Change as a Growth Imperative
If you’ve read our One Word Wows, you’ll see that we include change as one of the imperatives for business growth. Change can come in many forms and can range from the significant variety, as in change in strategy, to something less significant such as a change in a policy or procedure. Fundamentally, a business cannot grow and prosper without change, yet we see a reluctance to change as one of the most frequent growth decelerators among smaller organizations. For many reasons, many people are still embracing a twentieth century career and growth model. Business owners and executives often have been consistently successful so they ask – why change?
Sometimes these leaders have no clear vision of the 21st century, and so they don’t know how they should change. Some view all the changes (especially the economic downturn) that occurred in the early 2000s as too daunting to deal with so they react with fear. In some cases, that fear can immobilize a business owner to the point where he or she chooses to cling defensively to what they currently have. In effect, they embrace the past, not the future.
A strategy of embracing the past will become increasingly ineffective over the next few decades. Our world, our culture and our economy are changing at warp speed, so it’s better for most of us to start learning now how to cope with change, to develop our potential for growth before it’s too late, and to help our employees and our key leaders embrace the process.
So we turn to the invaluable guidance of John Kotter, a professor of leadership at the Harvard Business School and one of the most well-regarded management experts over the last 25 years. He wrote Leading Change nearly 20 years ago, yet the book’s practical advice and insights are just as relevant today, if not more so, than when he first wrote it. Most importantly, he dispels the myth that the need to lead change is solely an activity for large corporations. In our work as business advisors to smaller organizations, we understand the practical necessity for owners and executives to not only embrace change, but to lead change in order to creative a sustainable future for their companies, their customers, and their employees.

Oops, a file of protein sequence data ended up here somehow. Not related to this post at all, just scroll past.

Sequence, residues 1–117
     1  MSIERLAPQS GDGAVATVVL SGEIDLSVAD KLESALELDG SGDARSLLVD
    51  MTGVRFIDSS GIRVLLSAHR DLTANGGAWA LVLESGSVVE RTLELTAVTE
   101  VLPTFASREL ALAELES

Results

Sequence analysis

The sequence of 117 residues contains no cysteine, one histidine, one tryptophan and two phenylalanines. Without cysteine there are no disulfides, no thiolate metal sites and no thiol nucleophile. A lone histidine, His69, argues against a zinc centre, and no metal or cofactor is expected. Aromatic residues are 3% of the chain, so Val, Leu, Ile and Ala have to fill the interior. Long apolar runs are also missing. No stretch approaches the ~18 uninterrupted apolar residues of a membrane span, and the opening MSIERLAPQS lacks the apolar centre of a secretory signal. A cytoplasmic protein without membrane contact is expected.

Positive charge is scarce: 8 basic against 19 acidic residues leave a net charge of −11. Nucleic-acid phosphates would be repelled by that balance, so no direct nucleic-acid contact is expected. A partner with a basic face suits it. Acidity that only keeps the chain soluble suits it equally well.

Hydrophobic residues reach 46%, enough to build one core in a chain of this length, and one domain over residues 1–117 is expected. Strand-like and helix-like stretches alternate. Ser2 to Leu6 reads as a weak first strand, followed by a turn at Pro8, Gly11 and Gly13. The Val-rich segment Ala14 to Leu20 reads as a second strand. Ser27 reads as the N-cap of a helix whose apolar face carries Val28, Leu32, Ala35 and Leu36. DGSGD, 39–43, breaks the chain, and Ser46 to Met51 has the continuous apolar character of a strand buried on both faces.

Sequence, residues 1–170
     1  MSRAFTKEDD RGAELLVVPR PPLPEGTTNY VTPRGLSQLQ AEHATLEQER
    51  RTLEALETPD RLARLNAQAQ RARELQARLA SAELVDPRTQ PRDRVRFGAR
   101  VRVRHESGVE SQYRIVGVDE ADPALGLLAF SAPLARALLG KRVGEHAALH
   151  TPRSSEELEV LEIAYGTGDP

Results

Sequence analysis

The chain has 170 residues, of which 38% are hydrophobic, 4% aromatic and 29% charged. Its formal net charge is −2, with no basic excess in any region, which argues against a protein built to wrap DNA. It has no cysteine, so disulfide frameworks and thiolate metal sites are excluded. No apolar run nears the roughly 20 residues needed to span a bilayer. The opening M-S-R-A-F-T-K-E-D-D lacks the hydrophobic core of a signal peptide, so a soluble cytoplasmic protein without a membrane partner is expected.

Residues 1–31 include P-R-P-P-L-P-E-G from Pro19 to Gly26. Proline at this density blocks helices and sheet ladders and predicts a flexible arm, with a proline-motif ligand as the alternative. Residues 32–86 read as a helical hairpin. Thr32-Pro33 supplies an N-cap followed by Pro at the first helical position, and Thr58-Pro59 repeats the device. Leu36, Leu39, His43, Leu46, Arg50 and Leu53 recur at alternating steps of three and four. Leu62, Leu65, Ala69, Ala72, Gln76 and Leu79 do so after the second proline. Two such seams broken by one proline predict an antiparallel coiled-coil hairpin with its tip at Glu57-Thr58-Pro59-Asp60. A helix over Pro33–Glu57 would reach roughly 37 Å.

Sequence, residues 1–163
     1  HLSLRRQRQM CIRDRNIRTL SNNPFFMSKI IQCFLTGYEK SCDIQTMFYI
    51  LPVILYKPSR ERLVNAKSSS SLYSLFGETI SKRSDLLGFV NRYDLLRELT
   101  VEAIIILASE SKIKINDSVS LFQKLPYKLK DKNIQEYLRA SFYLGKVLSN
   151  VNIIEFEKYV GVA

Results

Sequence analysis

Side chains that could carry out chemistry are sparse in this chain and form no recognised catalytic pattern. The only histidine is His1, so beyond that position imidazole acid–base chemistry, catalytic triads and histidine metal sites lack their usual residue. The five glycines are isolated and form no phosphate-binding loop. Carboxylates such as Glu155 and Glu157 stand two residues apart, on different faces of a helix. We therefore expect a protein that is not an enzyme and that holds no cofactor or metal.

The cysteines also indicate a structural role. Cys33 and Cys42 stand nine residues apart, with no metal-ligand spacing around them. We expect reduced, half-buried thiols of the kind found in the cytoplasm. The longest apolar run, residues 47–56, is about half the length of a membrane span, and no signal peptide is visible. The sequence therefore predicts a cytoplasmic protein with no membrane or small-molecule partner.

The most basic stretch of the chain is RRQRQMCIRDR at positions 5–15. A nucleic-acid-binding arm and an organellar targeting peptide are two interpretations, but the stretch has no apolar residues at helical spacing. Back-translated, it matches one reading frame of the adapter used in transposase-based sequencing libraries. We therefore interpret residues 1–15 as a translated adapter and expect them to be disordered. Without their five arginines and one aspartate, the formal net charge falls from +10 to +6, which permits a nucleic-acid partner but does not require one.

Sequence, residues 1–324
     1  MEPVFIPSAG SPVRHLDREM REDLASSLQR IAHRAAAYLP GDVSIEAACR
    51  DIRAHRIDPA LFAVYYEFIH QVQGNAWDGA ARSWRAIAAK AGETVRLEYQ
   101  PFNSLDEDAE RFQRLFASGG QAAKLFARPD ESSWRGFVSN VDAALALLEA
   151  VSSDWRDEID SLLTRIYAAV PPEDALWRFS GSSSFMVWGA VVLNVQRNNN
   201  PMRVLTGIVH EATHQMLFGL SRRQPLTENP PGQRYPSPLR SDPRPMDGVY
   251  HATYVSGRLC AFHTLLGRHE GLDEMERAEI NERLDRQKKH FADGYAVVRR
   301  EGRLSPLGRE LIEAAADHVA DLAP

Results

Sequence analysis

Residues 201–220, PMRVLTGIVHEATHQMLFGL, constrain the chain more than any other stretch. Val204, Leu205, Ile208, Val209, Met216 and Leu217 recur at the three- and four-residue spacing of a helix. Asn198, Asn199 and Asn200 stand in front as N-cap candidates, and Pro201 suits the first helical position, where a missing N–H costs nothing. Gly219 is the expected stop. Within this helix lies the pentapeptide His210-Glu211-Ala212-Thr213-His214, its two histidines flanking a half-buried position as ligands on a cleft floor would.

Below, we’ve outlined the eight major steps involved in the Change Process. For any business owner truly interested in growth, this process is not only vital but it’s relevant to helping you navigate change – whether you’re preparing to launch into a new market, abandon an old one, or restructure your business to compete more effectively.
The 8-Stage Process of Creating Major Change*
Foundation for Development of a Growth Vision Strategy
1. Establishing a Sense of Urgency
- Examining the marketing and competitive realities
- Identifying and discussing crises, potential crises, and opportunities
2. Creating the Guiding Coalition
- Forming a group with enough power to lead the change
- Getting the group to work like a team
3. Developing a Vision and Strategy
- Creating a vision to direct the change effort
- Developing strategies for achieving the vision
4. Communicating the Change Vision
- Using every possible vehicle to communicate the new vision/strategies and expectations for implementation
- Having the guiding coalition “role model” the behavior expected of employees
5. Empowering Broad-Based Action
- Getting rid of obstacles
- Changing system or structures that undermine the change vision
- Encouraging risk-taking and non-traditional ideas, activities, actions
6. Generating Short-Term Wins
- Planning for performance improvements or “wins” and creating those wins
- Visibly recognizing and rewarding people who made the wins possible
7. Consolidating Gains and Producing More Change
- Taking responsibility for changing the systems, structures and policies that don’t work and don’t support the strategy and change vision
- Hiring, promoting and developing those people who can implement the change
- Reinvigorating the process with new projects, themes, and change agents
8. Anchoring New Approaches in the Culture
- Creating better performance through customer-centric and productivity-oriented behavior, more and better leadership, and more effective management
- Articulating the connections between new behaviors and organizational success
- Developing the means to insure leadership development and succession